‘We get a lot of trash’: Litter, graffiti found across Uinta-Wasatch-Cache National Forest
Aug 16, 2023, 5:53 PM | Updated: Aug 17, 2023, 9:53 am
AMERICAN FORK CANYON, Utah — Some Utahns say the amount of litter and graffiti left in the Uinta-Wasatch-Cache National Forest has become a problem.
The trash has also been spotted around Tibble Fork Reservoir. Visitors there said the amount of trash they see in the area depends on the day.
“Some days, if you come up on a weekend, there’s a lot,” visitor Elaine Corbridge said.
She said since the area’s parking lot and beach were upgraded, it’s attracted bigger crowds.
“It seemed like once it started getting more busy up here, then it just came with more trash,” Corbridge said.
David Whittekiend, forest supervisor for the Uinta-Wasatch-Cache National Forest, said this problem is widespread. It’s not limited to Tibble Fork.
“Trash will blow around and it can cause problems for wildlife,” he said. “A lot of people have seen animals that have gotten stuck in plastic pop can holders. It impacts the water and the watershed.”
A sign posted on one restroom at Tibble Fork Reservoir read, “This restroom has been vandalized several times–We are working to get the offensive graphics covered. If this behavior continues at this needed restroom site — it will be permanently closed for public use.”
“That’s our last resort,” Whittekiend said. “That’s the last thing we want for our watersheds. When people have to go to the bathroom, they have to go to the bathroom. We want to manage human waste and we want to manage it in restroom facilities not out on the forest.”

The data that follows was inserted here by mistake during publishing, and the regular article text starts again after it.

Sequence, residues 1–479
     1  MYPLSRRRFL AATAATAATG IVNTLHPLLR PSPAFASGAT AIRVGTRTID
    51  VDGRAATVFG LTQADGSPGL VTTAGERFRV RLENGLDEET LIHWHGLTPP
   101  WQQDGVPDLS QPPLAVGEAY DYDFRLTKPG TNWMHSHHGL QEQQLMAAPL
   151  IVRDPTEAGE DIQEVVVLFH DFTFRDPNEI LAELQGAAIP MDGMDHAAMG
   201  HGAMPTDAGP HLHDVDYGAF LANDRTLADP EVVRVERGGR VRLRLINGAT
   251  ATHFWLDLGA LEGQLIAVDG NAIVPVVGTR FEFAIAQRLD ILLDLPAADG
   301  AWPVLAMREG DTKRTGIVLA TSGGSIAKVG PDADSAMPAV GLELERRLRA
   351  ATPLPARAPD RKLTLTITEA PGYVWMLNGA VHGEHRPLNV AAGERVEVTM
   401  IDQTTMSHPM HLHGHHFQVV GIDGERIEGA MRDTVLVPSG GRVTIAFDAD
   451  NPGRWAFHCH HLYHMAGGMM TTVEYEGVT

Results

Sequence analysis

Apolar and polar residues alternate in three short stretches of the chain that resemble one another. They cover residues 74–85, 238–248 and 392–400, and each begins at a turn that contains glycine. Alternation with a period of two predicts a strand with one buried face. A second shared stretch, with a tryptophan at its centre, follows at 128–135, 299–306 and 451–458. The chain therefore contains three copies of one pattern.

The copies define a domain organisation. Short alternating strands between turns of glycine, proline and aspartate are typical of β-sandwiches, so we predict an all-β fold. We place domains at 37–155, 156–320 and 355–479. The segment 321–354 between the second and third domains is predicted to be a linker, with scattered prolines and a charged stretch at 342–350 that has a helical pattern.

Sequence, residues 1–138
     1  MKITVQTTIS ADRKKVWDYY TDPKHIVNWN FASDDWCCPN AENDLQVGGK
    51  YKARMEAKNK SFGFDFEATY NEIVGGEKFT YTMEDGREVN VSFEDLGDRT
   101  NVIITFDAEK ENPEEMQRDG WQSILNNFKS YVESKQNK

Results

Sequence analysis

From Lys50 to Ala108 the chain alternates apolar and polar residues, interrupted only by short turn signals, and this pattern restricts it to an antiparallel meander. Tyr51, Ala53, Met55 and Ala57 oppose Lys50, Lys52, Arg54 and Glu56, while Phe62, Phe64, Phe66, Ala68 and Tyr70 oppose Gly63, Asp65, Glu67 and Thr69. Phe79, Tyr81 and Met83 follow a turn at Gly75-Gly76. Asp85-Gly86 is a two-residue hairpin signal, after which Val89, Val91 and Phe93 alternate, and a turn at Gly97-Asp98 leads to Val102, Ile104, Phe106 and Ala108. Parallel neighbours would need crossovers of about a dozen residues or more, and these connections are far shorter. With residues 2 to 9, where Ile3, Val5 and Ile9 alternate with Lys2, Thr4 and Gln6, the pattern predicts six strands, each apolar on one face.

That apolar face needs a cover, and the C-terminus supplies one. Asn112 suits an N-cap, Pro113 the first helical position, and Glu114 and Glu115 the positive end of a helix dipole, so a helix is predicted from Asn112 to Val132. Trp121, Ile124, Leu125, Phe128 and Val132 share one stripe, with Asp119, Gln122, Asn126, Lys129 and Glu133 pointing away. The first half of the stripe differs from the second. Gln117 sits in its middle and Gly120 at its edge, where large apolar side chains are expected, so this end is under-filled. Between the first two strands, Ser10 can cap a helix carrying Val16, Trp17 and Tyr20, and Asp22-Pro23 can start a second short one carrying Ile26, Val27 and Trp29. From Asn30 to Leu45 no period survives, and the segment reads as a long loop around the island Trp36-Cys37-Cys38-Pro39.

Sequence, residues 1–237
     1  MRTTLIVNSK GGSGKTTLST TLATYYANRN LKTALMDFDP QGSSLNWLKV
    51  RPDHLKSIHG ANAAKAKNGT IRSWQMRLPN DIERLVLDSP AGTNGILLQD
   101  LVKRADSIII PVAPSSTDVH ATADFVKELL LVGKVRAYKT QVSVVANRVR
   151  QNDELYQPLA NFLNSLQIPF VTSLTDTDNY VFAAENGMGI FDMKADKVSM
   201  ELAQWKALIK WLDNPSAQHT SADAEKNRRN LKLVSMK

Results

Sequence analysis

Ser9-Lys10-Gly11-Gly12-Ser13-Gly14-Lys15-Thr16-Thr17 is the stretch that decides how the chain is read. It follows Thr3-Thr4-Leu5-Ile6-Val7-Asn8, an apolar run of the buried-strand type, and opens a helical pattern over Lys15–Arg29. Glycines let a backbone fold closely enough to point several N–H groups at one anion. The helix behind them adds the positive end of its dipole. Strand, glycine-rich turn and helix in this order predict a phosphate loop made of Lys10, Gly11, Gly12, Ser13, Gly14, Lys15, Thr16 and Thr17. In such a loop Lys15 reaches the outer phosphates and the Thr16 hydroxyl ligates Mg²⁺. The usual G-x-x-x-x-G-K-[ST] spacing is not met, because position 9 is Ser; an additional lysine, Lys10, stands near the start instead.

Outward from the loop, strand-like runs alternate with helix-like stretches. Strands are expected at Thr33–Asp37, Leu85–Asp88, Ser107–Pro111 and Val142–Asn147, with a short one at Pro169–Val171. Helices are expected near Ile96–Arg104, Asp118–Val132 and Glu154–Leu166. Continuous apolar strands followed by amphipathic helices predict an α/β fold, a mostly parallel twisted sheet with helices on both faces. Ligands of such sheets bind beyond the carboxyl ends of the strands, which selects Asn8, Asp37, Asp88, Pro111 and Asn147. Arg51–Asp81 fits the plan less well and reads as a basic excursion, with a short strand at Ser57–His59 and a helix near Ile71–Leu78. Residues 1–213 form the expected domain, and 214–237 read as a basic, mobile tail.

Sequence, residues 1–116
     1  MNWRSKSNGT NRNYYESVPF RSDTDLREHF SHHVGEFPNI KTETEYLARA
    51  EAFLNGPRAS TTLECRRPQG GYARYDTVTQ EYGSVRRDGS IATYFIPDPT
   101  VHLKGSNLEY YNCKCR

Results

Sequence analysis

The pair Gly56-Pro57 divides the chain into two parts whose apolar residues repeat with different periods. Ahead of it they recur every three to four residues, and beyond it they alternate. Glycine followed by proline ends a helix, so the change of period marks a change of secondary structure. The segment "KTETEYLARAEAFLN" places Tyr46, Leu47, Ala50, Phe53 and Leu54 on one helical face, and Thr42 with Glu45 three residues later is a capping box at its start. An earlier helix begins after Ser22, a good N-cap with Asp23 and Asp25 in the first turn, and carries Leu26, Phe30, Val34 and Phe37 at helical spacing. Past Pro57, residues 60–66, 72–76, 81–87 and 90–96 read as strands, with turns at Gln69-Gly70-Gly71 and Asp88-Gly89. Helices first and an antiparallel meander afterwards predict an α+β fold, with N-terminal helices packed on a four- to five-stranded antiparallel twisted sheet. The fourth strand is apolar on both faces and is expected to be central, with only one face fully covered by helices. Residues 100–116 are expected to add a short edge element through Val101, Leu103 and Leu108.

Tibble Fork has a trash problem. That’s what many frequent visitors say. We talked to the forest service @UWCNF. There’s a lot of vandalism too. It’s happening across the forest.
Story at 5&6 @KSL5TV pic.twitter.com/3ffM3ezAG9
— Shelby Lofton (@newswithShelby) August 16, 2023
He said they regularly find tagging across the forest on buildings, rocks, and trees.
“People come in and I guess they decide they’re going to tag buildings or paint up whatever it is,” he said. “That costs us a lot of money as well. We do have to get specialized equipment, specialized chemicals to remove graffiti. It takes time and it’s time we could be investing in providing better recreation resources.”
There are no trash cans at Tibble Fork Reservoir. Whittekiend said it’s critical people have a plan for picking up their trash.
“If they pack it in, please pack it out,” he said. “It does cost more money for us to offer up trash services. That far into the forest, it’s difficult to get anybody who’s able to come up and pick it up.”
Corbridge said when people don’t comply with this rule, it’s up to the forest service and volunteers like her to pick up what’s left behind.
“A lot of people think someone else will do it for them,” she said. “We helped on a cleanup up here and we got dozens of bags of trash that we picked up.”
The bad behavior can lead to bad consequences for the environment. Whittekiend said garbage that’s left in bathrooms can get stuck in pumps. Waste left in fire rings can bring animals to campsites.
“If people are caught littering, fines start at $150 and fines for graffiti start at $275, plus the potential for restitution as we clean those areas up,” he said.
“I love this canyon, I come up here a lot, so it’s just kind of annoying to see people not care for it,” Corbridge said.